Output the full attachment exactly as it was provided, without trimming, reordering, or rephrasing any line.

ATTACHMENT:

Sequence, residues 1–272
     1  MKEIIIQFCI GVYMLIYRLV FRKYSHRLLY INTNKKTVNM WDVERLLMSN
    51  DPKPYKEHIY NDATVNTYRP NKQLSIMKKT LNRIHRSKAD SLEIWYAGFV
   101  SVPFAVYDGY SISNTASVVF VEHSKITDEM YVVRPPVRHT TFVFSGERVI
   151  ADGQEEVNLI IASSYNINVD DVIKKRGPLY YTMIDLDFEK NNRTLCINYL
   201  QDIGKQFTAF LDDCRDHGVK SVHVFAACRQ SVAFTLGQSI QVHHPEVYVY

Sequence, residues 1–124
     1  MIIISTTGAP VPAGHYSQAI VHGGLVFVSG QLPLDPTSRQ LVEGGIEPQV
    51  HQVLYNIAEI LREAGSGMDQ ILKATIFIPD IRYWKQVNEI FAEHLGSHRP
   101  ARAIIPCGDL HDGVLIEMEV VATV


Sequence, residues 1–272
     1  MKEIIIQFCI GVYMLIYRLV FRKYSHRLLY INTNKKTVNM WDVERLLMSN
    51  DPKPYKEHIY NDATVNTYRP NKQLSIMKKT LNRIHRSKAD SLEIWYAGFV
   101  SVPFAVYDGY SISNTASVVF VEHSKITDEM YVVRPPVRHT TFVFSGERVI
   151  ADGQEEVNLI IASSYNINVD DVIKKRGPLY YTMIDLDFEK NNRTLCINYL
   201  QDIGKQFTAF LDDCRDHGVK SVHVFAACRQ SVAFTLGQSI QVHHPEVYVY

Sequence, residues 1–124
     1  MIIISTTGAP VPAGHYSQAI VHGGLVFVSG QLPLDPTSRQ LVEGGIEPQV
    51  HQVLYNIAEI LREAGSGMDQ ILKATIFIPD IRYWKQVNEI FAEHLGSHRP
   101  ARAIIPCGDL HDGVLIEMEV VATV